Evolution Of International Order

757 Words 4 Pages
“There must be all sorts in the world.”[1] Cervantes.
Besides Antarctica, few places on Earth are not ruled by a state today. Since the treaties consecrating the Peace of Westphalia in 1648, which ended the Thirty Years’ War, states have multiplied until they, now, cover most of the land surface on the planet.[2] As a consequence of these treaties, the Roman-Catholic Church started to lose influence. In the meantime, states gradually became the most important players on the international arena. States interactions have grown daily ever since. Mostly peaceful, these interactions regrettably often turned into conflicts, sometimes the bloodiest ones, even total monstrosities in some instances such as the two world wars. In trying to avoid reproducing
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But, because the Cold War did not lead to another open and global confrontation, some people claim that “while force might have played a determining role in the creation and sustainment of international order in the past, it plays a limited role today, and promises to play a lesser one tomorrow.”[3] This essay defends that such views are to some extent simplistic, descriptive and overly optimistic. In contrast, this argument proposes an alternative analysis: If the open use of force was crucial in shaping the international order, its coercive use is and will remain paramount in keeping and expanding the international order, which, in turn, will legitimize coercive actions until military forces become steadily police …show more content…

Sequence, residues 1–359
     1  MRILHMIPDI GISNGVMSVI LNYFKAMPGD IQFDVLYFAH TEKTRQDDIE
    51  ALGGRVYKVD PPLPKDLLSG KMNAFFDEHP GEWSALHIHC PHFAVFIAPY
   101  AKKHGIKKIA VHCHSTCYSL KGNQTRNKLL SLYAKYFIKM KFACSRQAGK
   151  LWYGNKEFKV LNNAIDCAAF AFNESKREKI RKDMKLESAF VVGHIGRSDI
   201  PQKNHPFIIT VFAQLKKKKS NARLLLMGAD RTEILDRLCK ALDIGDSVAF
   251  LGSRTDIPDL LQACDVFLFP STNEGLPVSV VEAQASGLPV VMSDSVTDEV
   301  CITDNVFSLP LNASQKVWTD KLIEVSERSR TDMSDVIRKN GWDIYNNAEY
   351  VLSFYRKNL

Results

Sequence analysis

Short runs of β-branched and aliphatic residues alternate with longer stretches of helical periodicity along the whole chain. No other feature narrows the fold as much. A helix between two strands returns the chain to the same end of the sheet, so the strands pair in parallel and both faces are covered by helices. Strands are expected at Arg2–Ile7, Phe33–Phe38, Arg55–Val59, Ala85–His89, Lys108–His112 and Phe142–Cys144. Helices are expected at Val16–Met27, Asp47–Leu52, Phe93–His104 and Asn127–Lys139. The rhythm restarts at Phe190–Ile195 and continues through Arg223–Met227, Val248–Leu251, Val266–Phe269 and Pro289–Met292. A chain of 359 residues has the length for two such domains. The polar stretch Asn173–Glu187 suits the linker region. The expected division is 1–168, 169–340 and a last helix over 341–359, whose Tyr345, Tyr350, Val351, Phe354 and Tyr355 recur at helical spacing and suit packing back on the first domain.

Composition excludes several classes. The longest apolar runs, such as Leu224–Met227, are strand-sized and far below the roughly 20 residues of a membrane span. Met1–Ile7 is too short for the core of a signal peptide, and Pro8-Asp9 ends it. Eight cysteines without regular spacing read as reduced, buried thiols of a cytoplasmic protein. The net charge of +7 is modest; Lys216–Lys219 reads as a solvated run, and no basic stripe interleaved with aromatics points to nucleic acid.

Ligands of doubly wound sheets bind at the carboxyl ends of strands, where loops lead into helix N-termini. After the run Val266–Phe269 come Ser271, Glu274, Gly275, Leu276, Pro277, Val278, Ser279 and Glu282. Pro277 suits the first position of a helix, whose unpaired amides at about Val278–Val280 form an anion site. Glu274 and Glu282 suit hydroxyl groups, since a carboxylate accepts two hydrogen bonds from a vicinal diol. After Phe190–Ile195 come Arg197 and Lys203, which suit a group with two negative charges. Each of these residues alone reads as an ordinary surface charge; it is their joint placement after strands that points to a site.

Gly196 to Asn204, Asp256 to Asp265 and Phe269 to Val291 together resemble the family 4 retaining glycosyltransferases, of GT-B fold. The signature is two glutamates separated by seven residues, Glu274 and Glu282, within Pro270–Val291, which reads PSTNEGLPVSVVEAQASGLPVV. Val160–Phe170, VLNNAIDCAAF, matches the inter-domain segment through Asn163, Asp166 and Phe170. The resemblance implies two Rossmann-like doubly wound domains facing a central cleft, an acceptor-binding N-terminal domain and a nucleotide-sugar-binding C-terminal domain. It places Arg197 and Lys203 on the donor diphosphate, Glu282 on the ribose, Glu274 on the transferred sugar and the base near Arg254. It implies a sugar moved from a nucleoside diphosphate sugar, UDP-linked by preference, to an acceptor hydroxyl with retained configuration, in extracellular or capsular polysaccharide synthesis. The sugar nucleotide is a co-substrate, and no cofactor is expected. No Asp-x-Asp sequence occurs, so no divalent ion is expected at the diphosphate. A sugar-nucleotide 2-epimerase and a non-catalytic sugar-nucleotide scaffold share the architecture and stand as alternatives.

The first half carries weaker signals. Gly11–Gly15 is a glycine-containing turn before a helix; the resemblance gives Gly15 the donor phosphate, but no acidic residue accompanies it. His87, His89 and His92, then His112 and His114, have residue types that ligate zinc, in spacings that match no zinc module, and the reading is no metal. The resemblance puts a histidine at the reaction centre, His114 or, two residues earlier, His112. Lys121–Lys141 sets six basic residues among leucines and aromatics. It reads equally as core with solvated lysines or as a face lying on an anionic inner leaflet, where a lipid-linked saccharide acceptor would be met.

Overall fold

Certainly not. As Andrew Hurrell underlines in the foreword, despite the multiplication of transnational corporations and the collapse of the Eastern Bloc, which encouraged hopes in intergovernmental structures, the 2008 economic crisis renewed the importance of states.[7] Even some renowned scholars in economy like Peter Dicken embrace this now prevalent position.[8] Now, how do force and coercion fit in the relation of states in the anarchical international

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